Additionally, Petitioner has filed several untitled, supplemental pleadings with the Court. See Docs. 41, 42, 43, 44, 45, 46, 47, 48 & 52. These documents contain previous court filings, documents apparently contained within his attorneys' files, and Petitioner's continued stream of consciousness proclamations of innocence. See id. Petitioner continues to accuse Tucson Police Department ("TPD") Officer Taylor of lying and planting evidence; question the DNA evidence; and assert "new evidence" in the form of sheer speculation regarding the sufficiency of the evidence presented in the state courts. See id.
II. STANDARD OF REVIEW
A. In General
The federal courts shall "entertain an application for a writ of habeas corpus in behalf of a person in custody pursuant to the judgment of a State court only on the ground that he is in custody in violation of the Constitution or laws or treaties of the United States. " 28 U.S.C. § 2254(a) (emphasis added). Moreover, a petition for habeas corpus by a person in state custody:
shall not be granted with respect to any claim that was adjudicated on the merits in State court proceedings unless the adjudication of the claim - (1) resulted in a decision that was contrary to, or involved an unreasonable application of, clearly established Federal law, as determined by the Supreme Court of the United States; or (2) resulted in a decision that was based on an unreasonable determination of the facts in light of the evidence presented in the State court proceeding.
28 U.S.C. § 2254(d); see also Cullen v. Pinholster, - U.S. -, 131 S.Ct. 1388, 1398, 179 L.Ed.2d 557 (2011). Correcting errors of state law is not the province of federal habeas corpus relief. Estelle v. McGuire, 502 U.S. 62, 67, 112 S.Ct. 475, 480, 116 L.Ed.2d 385 (1991). Ultimately, "[t]he statute's design is to further the principles of comity, finality, and federalism.'" Panetti v. Quarterman, 551 U.S. 930, 945, 127 S.Ct. 2842, 2854, 168 L.Ed.2d 662 (2007) (quoting Miller-El v. Cockrell, 537 U.S. 322, 337, 123 S.Ct. 1029, 154 L.Ed.2d 931 (2003)). Furthermore, this standard is difficult to meet and highly deferential "for evaluating state-court rulings, [and] which demands that state-court decisions be given the benefit of the doubt." Pinholster, 131 S.Ct. at 1398 (citations and internal quotation marks omitted).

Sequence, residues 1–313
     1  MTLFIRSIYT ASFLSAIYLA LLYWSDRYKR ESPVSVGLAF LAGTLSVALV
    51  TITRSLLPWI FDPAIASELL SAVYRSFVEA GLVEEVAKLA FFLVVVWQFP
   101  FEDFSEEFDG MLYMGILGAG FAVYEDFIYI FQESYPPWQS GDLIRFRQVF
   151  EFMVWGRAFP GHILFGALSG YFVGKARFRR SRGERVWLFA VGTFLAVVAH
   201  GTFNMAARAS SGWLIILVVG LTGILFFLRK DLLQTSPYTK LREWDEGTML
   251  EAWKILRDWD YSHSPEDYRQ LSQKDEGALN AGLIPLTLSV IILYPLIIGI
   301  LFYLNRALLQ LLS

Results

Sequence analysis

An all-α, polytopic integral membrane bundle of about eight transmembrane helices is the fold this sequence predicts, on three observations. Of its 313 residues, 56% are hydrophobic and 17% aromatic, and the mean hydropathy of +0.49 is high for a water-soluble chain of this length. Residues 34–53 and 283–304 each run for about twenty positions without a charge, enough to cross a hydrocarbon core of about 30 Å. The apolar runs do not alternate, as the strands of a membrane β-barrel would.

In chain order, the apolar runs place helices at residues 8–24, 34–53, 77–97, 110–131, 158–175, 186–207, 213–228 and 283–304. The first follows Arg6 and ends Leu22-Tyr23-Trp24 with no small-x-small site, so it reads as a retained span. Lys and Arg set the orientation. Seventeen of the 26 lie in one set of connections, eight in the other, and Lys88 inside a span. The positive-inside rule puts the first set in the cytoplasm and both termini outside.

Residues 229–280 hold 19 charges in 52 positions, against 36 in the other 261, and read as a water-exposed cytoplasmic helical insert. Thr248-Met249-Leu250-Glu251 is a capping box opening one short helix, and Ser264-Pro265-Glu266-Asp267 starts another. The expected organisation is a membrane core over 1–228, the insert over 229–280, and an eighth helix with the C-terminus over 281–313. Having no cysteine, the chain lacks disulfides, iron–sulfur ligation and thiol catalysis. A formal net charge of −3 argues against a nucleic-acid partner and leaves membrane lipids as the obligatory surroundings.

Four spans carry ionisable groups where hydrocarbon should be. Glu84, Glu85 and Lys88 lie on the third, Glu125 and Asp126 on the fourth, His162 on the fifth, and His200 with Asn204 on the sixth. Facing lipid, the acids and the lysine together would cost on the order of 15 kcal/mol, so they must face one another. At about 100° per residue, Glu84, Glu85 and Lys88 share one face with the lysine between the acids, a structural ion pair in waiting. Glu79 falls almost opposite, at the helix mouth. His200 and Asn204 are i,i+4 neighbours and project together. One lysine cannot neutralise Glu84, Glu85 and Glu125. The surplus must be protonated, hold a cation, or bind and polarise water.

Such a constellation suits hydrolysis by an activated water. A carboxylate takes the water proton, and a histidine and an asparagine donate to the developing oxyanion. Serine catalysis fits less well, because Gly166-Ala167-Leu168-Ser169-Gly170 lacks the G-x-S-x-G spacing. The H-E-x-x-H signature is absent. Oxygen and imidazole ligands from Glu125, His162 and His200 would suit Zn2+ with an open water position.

The Antiterrorism and Effective Death Penalty Act of 1996 ("AEDPA"), 110 Stat. 1214, mandates the standards for federal habeas review. See 28 U.S.C. § 2254. "AEDPA erects a formidable barrier to federal habeas relief for prisoners whose claims have been adjudicated in state court." Burt v. Titlow, - U.S. -, 134 S.Ct. 10, 16, 187 L.Ed.2d 348 (2013). Federal courts reviewing a petition for habeas corpus must "presume the correctness of state courts' factual findings unless applicants rebut this presumption with clear and convincing evidence.'" Schriro v. Landrigen, 550 U.S. 465, 473-74, 127 S.Ct. 1933, 1940, 167 L.Ed.2d 836 (2007) (citing 28 U.S.C. § 2254(e)(1)). Moreover, on habeas review, the federal courts must consider whether the state court's determination was unreasonable, not merely incorrect. Id., 550 U.S. at -, 127 S.Ct. at 1939; Gulbrandson v. Ryan, 738 F.3d 976, 987 (9th Cir. 2013). Such a determination is unreasonable where a state court properly identifies the governing legal principles delineated by the Supreme Court, but when the court applies the principles to the facts before it, arrives at a different result. See Harrington v. Richter, - U.S. -, 131 S.Ct. 770, 178 L.Ed.2d 624 (2011); Williams v. Taylor, 529 U.S. 362, 120 S.Ct. 1495, 146 L.Ed.2d 389 (2000); see also Casey v. Moore, 386 F.3d 896, 905 (9th Cir. 2004). ...